The Siamese fighting fish, also known as the Betta, is a popular species of freshwater aquarium fish. The name of the genus is derived from “Ikan Bettah”, taken from a local dialect of Malay. The wild ancestors of this fish are native to the rice paddies of Thailand, Malaysia, Cambodia and Vietnam and are called Pla-kad (lit. biting fish) in Thai or Trey Krem in Khmer.

 

 
 

 

Then we came across 2 Albinos, an Albino Red Tailed Catfish and an Albino Red Arowana; 2 awesome fishes, each in their own way. Let’s let the pictures do the talking.

Albino Red Tailed Catfish

 

 

 

Albino Red Arowana

 

   

 

Now let us share some interesting facts about “Albinism” (in layman terms, Albino effect)

Albinism also called Achromia,Achromasia, or Achromatosis is a congenital disorder characterized by the complete or partial absence of pigment in the skin, hair and eyes due to absence or defect of Tyrosinase, a copper-containing enzyme involved in the production of Melanin. Albinism results from inheritance of recessive gene alleles and is known to affect all vertebrates. An organism with complete absence of Melanin is called while an organism with only a diminished amount of melanin is described as Albinoid.

 

In some animals albinism-like conditions may affect other pigments or pigment-production mechanisms:

  • “Whiteface,” a condition that affects some parrot species, is caused by a lack of Psittacins.
  • Axanthism is a condition common in reptiles and amphibians, in which xanthophore metabolism is affected rather than synthesis of melanin, resulting in reduction or absence of red and yellow pteridine pigments.
  • Leucism differs from albinism in that the melanin is, at least, partially absent but the eyes retain their usual color. Some leucistic animals are white or pale because of chromatophore (pigment cell) defects, and do not lack melanin.
  • Melanism is the direct opposite of albinism. An unusually high level of melanin pigmentation (and sometimes absence of other types of pigment in species that have more than one) results in an appearance darker than non-melanistic specimens from the same genepool.

 

Short Bodied Fishes

Next in line were a row of 4 special fishes in… these are what we know as “Short Bodied”. Let’s see…

 

 
“Short Bodied” Tiger Shovel Nose
 
“Short Bodied” Peacock Bass
 
“Short Bodied” Patin

“Short Bodied” Snakehead

 

Platinum Silver Arowana

This Arowana was what we have all along known as a really rare fish from what we know. But then again, we are Stingray people. Anyway, we just thought this was a really cool fish and wanted to share some pictures, so enjoy!

 

 
 

 

Stingrays @ Thailand National Ornamental Fish Day

 

Now moving on to the highlight, Stingrays!!!

 

There was an array of stingrays when we were walking through the whole exhibition. It seems that the stingray is slowly coming into the fishery industry of Thailand and all over the world.

 

Stingrays are an elusive freshwater species. Being only 10 to 15 years in the market I am not surprised. Black rays are exotic and hard to find that anyone who had them often heard “WOW” and “Woooh” when others saw them. But in recent years, more and more people are exposed to the Freshwater Stingrays of the world, in particular a few species – Montoro, Pearl Ray, Leopoldi, and Black Diamonds.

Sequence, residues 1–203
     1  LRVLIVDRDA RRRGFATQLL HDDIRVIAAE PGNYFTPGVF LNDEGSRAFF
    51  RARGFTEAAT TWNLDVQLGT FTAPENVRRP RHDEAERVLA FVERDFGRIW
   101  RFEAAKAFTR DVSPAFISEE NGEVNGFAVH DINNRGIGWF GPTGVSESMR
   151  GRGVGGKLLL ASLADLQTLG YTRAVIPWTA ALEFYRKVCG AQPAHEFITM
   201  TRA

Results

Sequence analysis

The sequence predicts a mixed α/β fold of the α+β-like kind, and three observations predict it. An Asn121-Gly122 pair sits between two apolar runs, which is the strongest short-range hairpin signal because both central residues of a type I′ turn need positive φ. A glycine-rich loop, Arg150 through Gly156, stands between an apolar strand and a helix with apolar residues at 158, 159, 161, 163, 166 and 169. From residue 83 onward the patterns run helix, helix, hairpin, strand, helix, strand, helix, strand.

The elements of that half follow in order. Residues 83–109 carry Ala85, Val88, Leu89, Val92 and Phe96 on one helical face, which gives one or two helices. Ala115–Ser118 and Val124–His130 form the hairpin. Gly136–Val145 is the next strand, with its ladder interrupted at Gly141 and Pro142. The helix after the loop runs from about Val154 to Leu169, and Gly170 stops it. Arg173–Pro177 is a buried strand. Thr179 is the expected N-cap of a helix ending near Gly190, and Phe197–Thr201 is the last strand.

At this year’s exhibition, we saw some stingrays and we would like to share some pictures and comments on what we saw.
So let’s enjoy the pictures…

 

 

 

Notice how the spots cover the whole body. This ray exhibits so many spots that there is hardly any more space for another one to fit onto the body of the ray. The rims are nicely formed and spots are evenly spaced out.

 

 

And the neighborhood seems to be increasing in value as we move on. This is what we know as a Leopoldi stingray. The classic Black and White colours of this species would allow for it to never die out.

 

A look at the colours and markings of this beautiful freshwater stingray would show a jet black base colour decorated by white markings. In our opinion, the best of contrast, the ultimate of classics.

 

Being crazy stingray lovers, we are always fascinated by the different markings of the black ray. They exhibit all kinds of markings and they never seize to amaze. From normal round dots, to super big spots, eccentric markings that resembles letters and symbols and of course the most elusive “Thousand Island” effect.

 

 

 

Last but not least, we would like to share with everyone this special hybrid. The eccentric markings and colour amazed us and it looked so much like a crazy square maze. The light brown markings on contrasting black base seems to go so well together. And as we looked at this stingray, we wondered to ourselves, is this the work of God or did Man create this crazy yet amazing pattern?

 

Some other stingrays on display… so let’s enjoy the pictures

 

   

 

 

Regards

TopStingray Team